Since it formally reopened last year, Musée du Verre François Décorchemont has received a number of glass collections and this month, it celebrates Jean and Dominique Vitrat’s donation, which resurrects a forgotten glass manufacturer François-Théodore Legras (1839-1916), a competitor of Gallé, Lalique, Baccarat and Daum. The 1880’s, the Art Nouveau and Art Deco periods are represented by 150 objects and more precious archives on the company, based in Saint Denis and Pantin, which counted 1 300 workers and 10 ovens. I had never heard of this museum which is very pretty, with turn of the century collections focused on “pâte de verre” and a few rooms of contemporary creations. It is named after the artist Décorchemont (1880-1971), who lived in Conches and made stained glass windows as well as vases in pâte de verre.
The production at Legras was mostly popular, with tableware and souvenir bottles, but they also developed an artistic side with enameled decors and engraved flowers and landscapes. The archives were lost in a fire in 1950 but research has enabled passionate collectors, such as the Vitrat couple, to give their identity to many pieces. François Théodore Legras was President of Chambre syndicale des Maîtres de Verreries et de cristalleries de France in 1877 and he was an influent member of the jury in London, Saint Louis and Paris for the universal exhibitions. His production is huge with many perfume bottles and liquor carafes, and the 148 pieces recently acquired concentrate on the years 1880-1920.
We were welcomed by Christian Gobert, the deputy mayor in charge of culture, who fought for 25 years for the project of the museum, and Eric Louet, the director, who has a unique sense for designing exhibitions as we discovered during the visit. The museum counts only three employees and was set in the 1990’s in a retirement home, formerly a Benedictine abbey. It owns 700 glass pieces which vary from stained glass to vases and bottles and was made very attractive with modest resources.
One of the most original pieces in the collection is “Man in Profile”, by Henry Cros in pâte de verre, bought from Talabardon et Gauthier. It is shown along a “Lamp for a Mosque” by Philippe-Joseph Brocard and Oriental style glasses by François Eugène Rousseau. A landscape by Daum, a vase by Lalique, a lamp by Gallé are all good illustrations of the between-the-wars style. And this is when François Décorchemont, who was born in Conches, enters the picture with a chameleon vase and two little cups in molded pâte de verre (1925-1933). His stained glass windows created for the Crédit Agricole bank in 1948, are irresistible with their daily farming scenes, fields and animals.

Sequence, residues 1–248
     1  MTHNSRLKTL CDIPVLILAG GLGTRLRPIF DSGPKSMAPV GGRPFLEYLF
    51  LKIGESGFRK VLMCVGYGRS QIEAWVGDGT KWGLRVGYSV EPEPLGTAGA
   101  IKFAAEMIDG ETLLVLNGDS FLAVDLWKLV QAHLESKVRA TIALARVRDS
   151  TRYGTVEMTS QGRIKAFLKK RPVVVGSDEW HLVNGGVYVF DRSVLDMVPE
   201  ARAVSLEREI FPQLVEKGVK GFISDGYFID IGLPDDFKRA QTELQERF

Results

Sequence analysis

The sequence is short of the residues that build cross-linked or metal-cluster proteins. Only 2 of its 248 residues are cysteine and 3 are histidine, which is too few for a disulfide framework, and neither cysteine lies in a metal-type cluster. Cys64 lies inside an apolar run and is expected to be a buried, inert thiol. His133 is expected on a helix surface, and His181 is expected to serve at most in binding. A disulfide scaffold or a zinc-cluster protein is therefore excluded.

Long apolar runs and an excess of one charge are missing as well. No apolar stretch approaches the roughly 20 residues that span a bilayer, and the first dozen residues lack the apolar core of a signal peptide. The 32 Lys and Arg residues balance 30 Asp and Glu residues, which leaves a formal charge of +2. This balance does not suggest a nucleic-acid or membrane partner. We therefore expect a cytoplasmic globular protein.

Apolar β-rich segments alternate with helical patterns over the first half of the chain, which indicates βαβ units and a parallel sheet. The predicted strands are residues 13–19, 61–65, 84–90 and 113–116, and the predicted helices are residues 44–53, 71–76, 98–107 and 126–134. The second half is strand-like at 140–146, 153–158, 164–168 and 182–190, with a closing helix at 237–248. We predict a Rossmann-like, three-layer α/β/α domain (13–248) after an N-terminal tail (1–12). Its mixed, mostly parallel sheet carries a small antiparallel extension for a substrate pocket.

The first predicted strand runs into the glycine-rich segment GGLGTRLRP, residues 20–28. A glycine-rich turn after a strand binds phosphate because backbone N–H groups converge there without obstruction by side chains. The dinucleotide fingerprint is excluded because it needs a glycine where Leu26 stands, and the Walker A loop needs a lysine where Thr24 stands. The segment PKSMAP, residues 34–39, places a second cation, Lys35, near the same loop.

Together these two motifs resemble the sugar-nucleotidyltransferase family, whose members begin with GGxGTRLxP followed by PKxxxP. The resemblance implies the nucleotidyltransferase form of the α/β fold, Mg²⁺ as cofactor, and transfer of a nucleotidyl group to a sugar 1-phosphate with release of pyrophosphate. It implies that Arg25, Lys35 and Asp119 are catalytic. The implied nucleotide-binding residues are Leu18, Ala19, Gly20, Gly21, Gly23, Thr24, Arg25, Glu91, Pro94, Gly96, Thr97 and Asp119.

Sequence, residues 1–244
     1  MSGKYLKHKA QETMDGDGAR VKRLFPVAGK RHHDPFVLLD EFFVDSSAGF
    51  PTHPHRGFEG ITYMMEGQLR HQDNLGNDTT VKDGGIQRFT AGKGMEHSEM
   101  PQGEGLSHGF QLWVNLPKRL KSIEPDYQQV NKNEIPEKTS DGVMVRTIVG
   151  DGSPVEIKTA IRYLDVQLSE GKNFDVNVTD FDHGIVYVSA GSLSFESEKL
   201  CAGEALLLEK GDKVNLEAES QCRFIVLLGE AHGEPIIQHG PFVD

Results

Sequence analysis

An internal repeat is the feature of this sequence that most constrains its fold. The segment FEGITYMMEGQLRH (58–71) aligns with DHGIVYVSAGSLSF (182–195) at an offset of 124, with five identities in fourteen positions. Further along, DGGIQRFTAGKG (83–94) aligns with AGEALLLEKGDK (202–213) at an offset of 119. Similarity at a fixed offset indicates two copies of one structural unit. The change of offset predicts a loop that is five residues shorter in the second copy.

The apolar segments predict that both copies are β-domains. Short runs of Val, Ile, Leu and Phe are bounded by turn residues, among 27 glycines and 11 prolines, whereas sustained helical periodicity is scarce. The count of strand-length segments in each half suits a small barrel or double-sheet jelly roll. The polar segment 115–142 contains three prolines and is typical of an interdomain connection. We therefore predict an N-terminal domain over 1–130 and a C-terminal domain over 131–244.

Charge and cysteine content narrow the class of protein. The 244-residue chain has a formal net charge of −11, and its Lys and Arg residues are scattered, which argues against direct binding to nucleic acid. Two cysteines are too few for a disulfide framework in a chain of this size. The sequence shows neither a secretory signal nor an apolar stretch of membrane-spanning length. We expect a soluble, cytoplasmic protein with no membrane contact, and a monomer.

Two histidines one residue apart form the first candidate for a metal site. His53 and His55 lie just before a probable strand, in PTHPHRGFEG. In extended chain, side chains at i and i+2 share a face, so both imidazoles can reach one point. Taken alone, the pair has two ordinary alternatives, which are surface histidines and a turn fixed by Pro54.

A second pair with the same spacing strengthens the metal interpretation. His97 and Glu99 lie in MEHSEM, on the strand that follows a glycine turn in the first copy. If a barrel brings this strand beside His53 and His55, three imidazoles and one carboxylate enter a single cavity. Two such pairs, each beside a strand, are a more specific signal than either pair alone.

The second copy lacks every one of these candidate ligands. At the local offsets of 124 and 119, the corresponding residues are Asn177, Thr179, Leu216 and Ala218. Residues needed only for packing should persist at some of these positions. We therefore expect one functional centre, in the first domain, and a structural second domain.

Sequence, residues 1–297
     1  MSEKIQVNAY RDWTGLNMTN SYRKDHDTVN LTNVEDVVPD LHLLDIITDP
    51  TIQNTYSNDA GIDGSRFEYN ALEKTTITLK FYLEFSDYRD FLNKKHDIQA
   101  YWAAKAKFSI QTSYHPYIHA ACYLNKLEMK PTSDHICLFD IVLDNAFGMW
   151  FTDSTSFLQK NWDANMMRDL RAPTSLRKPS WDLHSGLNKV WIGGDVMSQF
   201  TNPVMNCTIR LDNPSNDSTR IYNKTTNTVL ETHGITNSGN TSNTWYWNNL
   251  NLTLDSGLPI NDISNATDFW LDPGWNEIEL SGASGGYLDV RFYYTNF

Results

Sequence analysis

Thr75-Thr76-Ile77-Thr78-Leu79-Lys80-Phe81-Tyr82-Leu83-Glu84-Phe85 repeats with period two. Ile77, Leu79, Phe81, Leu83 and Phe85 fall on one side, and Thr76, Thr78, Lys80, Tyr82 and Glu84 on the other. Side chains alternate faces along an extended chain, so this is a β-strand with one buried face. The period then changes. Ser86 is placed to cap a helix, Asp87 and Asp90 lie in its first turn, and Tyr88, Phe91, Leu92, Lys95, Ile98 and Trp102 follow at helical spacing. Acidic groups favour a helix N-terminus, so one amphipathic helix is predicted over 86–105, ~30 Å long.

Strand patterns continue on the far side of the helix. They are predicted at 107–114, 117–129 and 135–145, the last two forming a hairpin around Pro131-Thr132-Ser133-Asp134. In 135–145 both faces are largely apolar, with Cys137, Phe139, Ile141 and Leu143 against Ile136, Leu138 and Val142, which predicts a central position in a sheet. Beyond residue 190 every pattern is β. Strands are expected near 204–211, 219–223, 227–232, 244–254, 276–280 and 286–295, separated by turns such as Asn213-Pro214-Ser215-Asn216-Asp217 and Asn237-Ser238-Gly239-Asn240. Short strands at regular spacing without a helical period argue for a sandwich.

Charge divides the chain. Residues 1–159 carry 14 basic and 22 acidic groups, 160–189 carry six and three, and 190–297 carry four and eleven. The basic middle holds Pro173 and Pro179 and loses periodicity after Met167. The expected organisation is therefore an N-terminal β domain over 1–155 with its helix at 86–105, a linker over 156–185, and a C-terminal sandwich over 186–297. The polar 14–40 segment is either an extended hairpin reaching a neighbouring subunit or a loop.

The Schneider glass manufactory in Epinay sur Seine, is also represented with many pieces designed by Charles and Ernest Schneider. They were discovered in Paris at the 1925 Universal Exhibition and subsequently bought by Americans. The collection here was offered by the painter Barlach Heuer who was among the amateurs to rediscover this style in the 1980’s.
The presence of numerous stained glass windows in the collection is due to the post war reconstructions of churches and the workshop of Gabriel Loire which opened near Chartres in 1946. Paul and Jacques Bony present their glass windows in Parisian galleries and work with contemporary artists such as Matisse, Rouault and Braque for Varengeville sur Mer for instance. In the 1950’s it became more and more abstract.
A photographer, Thierry de Beaumont (1958-2022) who specialized in artists’ studios all his life, died last year. His family has given his archives to the museum and a number of glass artists are exhibited with Jean Michel Othoniel in 2003 and Matei Negreanu in 2008.
The museum is charming because of its location in the village of Conches whose church has very pretty stained glass windows. But also because of its size and the profound dedication of everyone who works there. Christophe Gobert is the perfect example of a town councilor who had a vision and achieved it patiently in 25 years.
The drive from Paris is 1 hr 50 mns and the countryside around is extremely pretty. You can visit château de Champs de Bataille or château d’Anet on the way back. Until November 26, Wednesday to Sunday 2pm to 6 pm, Musée du Verre François Décorchemont in Conches en Ouche.
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